Gold and silver?
Ludwig Oechslin has taken his intellectual and ingenious philosophy of technical reduction a romantic step further. The orange dots of his annual calendar display turn in a setting of gold and silver. The ochs und junior anno cinquanta is available in white gold, red gold and silver. And now it’s the turn of Swiss federal officialdom to come into the frame:
Basically speaking, the Federal Assay Office checks and governs the purity of precious metals relating to goods sold or manufactured in Switzerland. Bea (with her camera) and I (Beat Weinmann as representative of ochs und junior) went yesterday with our haul of Peter Cantieni-manufactured cases (13 silver, 12 red gold and 11 white gold) to the Assay Office in Basel to have them tested and officially hallmarked.
The cases’ fineness was confirmed as 750/1000 (gold) and 925/1000 (silver).The anno cinquanta receives two Swiss federal hallmarks:
The official Swiss hallmark (the head of a St. Bernard dog) and the stamp of the Vienna Convention for export into the EU. This latter hallmarking convention dates from 1972 and warrants the purity of the metal on its entry into the EU, after which no further testing is necessary. In short: the hallmarks are a key consumer protection measure which is laid down by law and which facilitates cross-border shipping.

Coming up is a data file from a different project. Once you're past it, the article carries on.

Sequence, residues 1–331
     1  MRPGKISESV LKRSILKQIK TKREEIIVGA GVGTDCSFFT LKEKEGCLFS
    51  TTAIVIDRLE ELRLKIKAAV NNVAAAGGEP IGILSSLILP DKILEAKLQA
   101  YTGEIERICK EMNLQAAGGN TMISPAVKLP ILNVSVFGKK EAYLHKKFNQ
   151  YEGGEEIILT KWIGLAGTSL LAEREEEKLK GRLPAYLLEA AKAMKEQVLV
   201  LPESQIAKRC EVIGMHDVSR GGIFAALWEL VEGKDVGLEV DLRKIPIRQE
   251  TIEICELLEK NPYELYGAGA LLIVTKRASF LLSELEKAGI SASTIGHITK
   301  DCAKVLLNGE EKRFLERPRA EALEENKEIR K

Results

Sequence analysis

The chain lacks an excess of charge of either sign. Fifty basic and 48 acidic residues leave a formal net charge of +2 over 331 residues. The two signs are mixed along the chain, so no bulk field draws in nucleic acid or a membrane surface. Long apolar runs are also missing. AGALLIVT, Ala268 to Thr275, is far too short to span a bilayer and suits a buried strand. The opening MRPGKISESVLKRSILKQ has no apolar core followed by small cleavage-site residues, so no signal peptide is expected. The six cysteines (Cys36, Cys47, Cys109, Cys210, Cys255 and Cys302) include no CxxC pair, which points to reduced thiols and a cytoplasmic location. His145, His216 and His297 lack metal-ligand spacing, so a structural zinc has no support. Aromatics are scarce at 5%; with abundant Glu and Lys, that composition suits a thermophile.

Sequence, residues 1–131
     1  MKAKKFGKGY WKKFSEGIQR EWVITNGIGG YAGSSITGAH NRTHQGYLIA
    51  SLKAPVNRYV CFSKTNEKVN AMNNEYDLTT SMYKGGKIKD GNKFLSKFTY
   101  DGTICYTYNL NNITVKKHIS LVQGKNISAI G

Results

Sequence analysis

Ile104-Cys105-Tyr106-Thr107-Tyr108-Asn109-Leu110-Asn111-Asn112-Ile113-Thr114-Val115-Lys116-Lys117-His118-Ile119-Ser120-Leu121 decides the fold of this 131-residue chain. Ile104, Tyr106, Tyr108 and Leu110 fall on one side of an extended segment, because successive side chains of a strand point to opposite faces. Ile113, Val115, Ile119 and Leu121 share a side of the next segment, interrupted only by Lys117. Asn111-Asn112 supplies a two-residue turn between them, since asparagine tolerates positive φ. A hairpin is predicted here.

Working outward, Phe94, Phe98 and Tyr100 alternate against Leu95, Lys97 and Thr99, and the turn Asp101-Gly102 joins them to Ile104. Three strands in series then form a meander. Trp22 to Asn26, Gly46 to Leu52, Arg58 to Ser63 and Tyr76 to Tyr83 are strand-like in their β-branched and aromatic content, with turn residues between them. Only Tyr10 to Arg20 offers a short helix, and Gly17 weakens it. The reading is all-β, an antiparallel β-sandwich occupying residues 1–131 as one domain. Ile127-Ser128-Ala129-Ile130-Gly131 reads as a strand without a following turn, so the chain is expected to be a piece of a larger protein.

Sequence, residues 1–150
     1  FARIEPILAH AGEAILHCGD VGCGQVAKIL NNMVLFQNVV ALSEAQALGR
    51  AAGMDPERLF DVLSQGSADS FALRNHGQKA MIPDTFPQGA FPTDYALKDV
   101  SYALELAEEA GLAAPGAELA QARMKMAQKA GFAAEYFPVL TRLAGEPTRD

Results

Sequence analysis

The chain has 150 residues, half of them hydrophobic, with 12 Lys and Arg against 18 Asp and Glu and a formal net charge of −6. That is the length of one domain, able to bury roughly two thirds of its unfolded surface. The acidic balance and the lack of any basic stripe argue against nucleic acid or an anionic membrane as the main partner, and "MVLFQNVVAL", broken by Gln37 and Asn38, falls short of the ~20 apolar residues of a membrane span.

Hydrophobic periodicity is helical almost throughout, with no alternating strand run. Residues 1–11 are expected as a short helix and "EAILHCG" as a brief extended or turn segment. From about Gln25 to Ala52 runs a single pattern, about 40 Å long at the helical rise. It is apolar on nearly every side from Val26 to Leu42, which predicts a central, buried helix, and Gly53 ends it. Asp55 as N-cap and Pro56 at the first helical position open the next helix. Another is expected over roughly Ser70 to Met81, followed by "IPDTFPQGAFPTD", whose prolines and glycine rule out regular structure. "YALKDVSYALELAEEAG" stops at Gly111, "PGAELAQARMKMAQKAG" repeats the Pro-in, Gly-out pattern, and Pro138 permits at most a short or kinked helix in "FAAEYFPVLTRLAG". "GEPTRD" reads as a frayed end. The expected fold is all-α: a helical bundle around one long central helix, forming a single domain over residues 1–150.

We are responsible for applying the remaining two of the four stamps – the ochs und junior Responsibility Mark and the Standard of Fineness. This will be done by Paul Gerber in his workshop using the same magnetic rig built by Peter Cantieni (see earlier ochs blogs).
Careful testing and hallmarking…
Our treasure trove remained for the most part in our hands… Here we are focused on placing the cases in the jig…
… and packing them in protective foil.
I’ll be handing the assayed anno cinquanta cases back to Paul Gerber on Monday.
Meanwhile, like us, they’re merrily working away…